Bridget Penn-Berkeley – an artist’s winding path

An artist all my life, in the beginning I tried everything: drawing, painting, photography and film working with paint, charcoal, ink, clay, wood, plastics, even rubber. My parents were very supportive, at school I studied industrial design and technical drawing alongside my art but I gravitated towards sculpture during my A levels. This was due to my brilliant Art teacher Mr White at Wareham upper school supported by my summer job sculpting for an animated display studio DFA in Dorchester.

I completed my foundation degree at Bournemouth with very good teaching in colour theory and composition and was accepted by Wimbledon school of art to study Sculpture. Here I studied sculpture, art history, foundry work, photography, welding and became president of the student union organising big events in the college theatre, sitting with the governing body with responsibility for budgets.  This was a great learning ground and my art school years gave me confidence that I could tackle most things.

I continued to live in south London working in publishing then an opportunity arrived to sculpt for a display company making a variety of items from a giant gold coin for the royal mint to a very large plastic Webster [A children’s plastic toy very popular at the time for the Toy Fair] a vast array of three-dimensional objects for exhibitions and shop window displays. It was an exciting and challenging role making something different everyday never knowing what was coming next, I even cut up rope for a living for a few days, making a boardwalk display for a large shopping chain. The work was in polystyrene and other temporary materials, I was earning a living as a commercial sculptor/studio manager working for a variety of big-name clients including Hamleys, Phillips. Alders, London Dungeon, Milk marketing board, Fortnum & Mason, Lord Mayors show. The work ephemeral in nature made for the moment not to last, made to order with limited scope for self-expression although someone did take Slimer home (Ghost buster display Hamleys).

My interest was drawn to smaller sculptures made of more permanent materials and my work became more awards based. I fell in love with the quality of bronze, stone, brass, and titanium materials. I made awards for Glaxo Smith Kline, Haynes, Capital Radio and the BBC. It was during this period I designed and sculpted the Mercury Music Prize.

The winds of change arrived and my time in London ended with a move back to the West Country to start a new chapter in life. I married Kevin and we settled down to family life with my Son Morgan they were the centre of my life and we established ourselves in Bridgwater, schools, host family, jobs and for a while a studio on the Old Taunton Road Industrial estate. To begin with I was still sculpting for clients based mainly in London also we completed a large sculptural job for the Wildfowl & Wetlands Trust, Hammersmith working with Ben.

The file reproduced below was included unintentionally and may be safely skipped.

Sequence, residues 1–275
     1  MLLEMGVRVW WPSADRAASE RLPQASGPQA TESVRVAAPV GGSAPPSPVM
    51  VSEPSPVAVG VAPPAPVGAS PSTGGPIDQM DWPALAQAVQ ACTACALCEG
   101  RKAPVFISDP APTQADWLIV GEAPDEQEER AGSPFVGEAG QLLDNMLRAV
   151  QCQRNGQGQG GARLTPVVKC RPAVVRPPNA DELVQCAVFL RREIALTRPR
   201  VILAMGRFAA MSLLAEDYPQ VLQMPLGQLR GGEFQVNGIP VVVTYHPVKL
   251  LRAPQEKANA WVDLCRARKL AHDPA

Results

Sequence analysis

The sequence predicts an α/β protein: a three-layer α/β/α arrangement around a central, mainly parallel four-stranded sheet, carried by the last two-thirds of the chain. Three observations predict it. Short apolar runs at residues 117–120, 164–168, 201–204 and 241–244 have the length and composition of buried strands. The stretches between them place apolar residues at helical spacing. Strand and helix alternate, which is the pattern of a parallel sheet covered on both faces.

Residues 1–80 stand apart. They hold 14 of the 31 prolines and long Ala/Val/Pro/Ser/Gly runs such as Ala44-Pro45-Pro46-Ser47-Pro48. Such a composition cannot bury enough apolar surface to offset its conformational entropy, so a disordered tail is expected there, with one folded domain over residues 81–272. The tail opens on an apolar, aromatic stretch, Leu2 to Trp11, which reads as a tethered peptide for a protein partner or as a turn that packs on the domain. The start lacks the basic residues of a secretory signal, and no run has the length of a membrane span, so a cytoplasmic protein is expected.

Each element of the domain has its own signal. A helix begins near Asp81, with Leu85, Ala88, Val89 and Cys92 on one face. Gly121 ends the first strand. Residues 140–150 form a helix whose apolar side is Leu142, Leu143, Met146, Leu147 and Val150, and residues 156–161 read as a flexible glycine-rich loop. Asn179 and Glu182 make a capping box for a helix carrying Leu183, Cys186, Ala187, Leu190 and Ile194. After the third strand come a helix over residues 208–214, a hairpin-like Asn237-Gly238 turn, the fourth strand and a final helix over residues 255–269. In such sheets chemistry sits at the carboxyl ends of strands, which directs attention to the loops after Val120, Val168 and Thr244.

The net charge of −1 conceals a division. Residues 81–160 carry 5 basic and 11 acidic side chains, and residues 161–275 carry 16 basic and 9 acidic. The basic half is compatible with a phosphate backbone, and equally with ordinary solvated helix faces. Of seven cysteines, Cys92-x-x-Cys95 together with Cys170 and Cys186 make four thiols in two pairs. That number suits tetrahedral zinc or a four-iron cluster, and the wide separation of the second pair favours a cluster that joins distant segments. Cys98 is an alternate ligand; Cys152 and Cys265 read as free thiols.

London work drifted away as it was thought I was too far away, the concern highlighted by petrol strikes at the time. Plan B then, with the great support of my husband and parents we started a range of small wildlife and farm animal sculptures called West Country Originals to supply West Country shops for the tourist trade. My range of Bee circles inspired by the discovery that bees dance to communicate proved very popular with beekeepers. Sculpture was my craft, my passion, working hard to have a comprehensive portfolio to demonstrate my skill and creativity to potential customers.

Imagine my dismay when the portfolio was seen to be working against me as customers thought their job was too simple or boring for me! During this time in the west country we experienced difficult issues like heaps of dead cows, petrol strikes and a very wet summer this affected everyone, many of our outlets retired or ceased trading. Companies were cutting back, a simpler more modern style was gaining ground, new technology was producing encapsulation which was dramatic and economic, we could not compete with this mechanised sleek finish. I stopped sculpting for a living and began painting just for me in my spare time which has been an interesting journey, a liberation, an explosion of colour and expression.

I have found a style I call X’tract Art, starting point for this work is a photograph. This began as I had to walk for my health and I stepped back at work to a local branch-based role. To enable longer walks I took pictures, the aim to photograph round things, you would be amazed by how many round items there are out in the street-scape of the town. Once home I would work with the photographs on the computer bringing out and enhancing the existing colours, cropping to create the best compositions, bringing out the best qualities of these photographs. Then having beauty competitions to choose the best ones to paint in acrylic on canvas.

I will have a solo exhibition ‘Round Bridgwater’ in the new gallery February 2021, the opening exhibition will include my colourful carnival paintings a Covid corner included other artists work and an exhibition of work specially selected by other artists.  The Gallery project has been my salvation during this challenging pandemic.

My focus currently is the completion of phase one of the gallery to open to the public in 2021.    I have been developing some products to sell alongside the original paintings and prints.

Currently I am painting a small series based on a video made during lockdown and shared on line called ‘Pass the Rune’ I think I will be doing more Carnival paintings next year in response to the carnival coming back.